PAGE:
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  • Cubs' Maddon expects to be fined for critical comments
    By The Sports Xchange / Sunday, October 15, 2017

    Chicago Cubs manager Joe Maddon said Sunday he expects to get fined for his comments criticizing a call at home plate getting overturned in the seventh inning of Game 1 of the NLCS on Saturday.

    • Charlie Culberson scored the final run of the Los Angeles Dodgers' 5-2 win after it was ruled Chicago catcher Willson Contreras did not clear a path to home plate.

      "I expect it," said Maddon, who was scheduled to meet with MLB Chief Baseball Officer Joe Torre on Sunday.

      Maddon said he has no problem with the fine, which will be donated to charity.

      Maddon, however continued to express frustration with the ruling.

      "The only thing I'll say is the more I watch it, it was a tremendous baseball play on our part," Maddon said. "I could not be happier with the technique, and you can also argue about the bad base running on their side.

      Maddon was ejected in the seventh inning after arguing the overturned call with plate umpire Lance Barksdale.

      Barksdale initially called Culberson out on a throw from left fielder Kyle Schwarber on a single by Justin Turner.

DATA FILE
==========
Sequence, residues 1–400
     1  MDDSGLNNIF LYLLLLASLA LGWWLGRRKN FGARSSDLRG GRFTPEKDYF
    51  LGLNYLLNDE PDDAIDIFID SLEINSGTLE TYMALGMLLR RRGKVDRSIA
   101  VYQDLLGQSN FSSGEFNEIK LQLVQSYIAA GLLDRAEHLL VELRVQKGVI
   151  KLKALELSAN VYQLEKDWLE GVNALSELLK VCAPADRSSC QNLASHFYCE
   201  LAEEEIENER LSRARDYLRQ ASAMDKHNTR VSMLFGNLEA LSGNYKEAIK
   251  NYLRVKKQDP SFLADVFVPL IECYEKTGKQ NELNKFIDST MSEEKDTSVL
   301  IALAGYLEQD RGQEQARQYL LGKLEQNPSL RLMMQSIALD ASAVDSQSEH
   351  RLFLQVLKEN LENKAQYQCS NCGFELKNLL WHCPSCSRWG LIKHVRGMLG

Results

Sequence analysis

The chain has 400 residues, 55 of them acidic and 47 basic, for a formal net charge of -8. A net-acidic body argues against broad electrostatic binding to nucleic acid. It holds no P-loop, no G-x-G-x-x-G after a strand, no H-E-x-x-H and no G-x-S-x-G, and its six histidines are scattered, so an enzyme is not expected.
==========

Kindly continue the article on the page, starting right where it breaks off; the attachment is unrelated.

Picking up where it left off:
Following a video review, umpires ruled Contreras violated the obstruction rule for not clearing a path for Culberson.

      After the game, Maddon did not hide his disdain for the rule, which came into place in 2014, three years after San Francisco Giants catcher Buster Posey fractured his left ankle during a play at the plate in May 2011.

      "I saw a great baseball play," Maddon said after the game. "I saw (Kyle) Schwarber come in on a grounded ball, use his feet perfectly, make a low, great throw to the plate that could have been cut off, had we needed it to be, but did not because we chose to have it go to home plate. Perfect skip-hop, great play by Contreras.

      "The ball kind of taking Willson towards the line, towards foul territory. He catches the ball, and his technique was absolutely 100 percent perfect."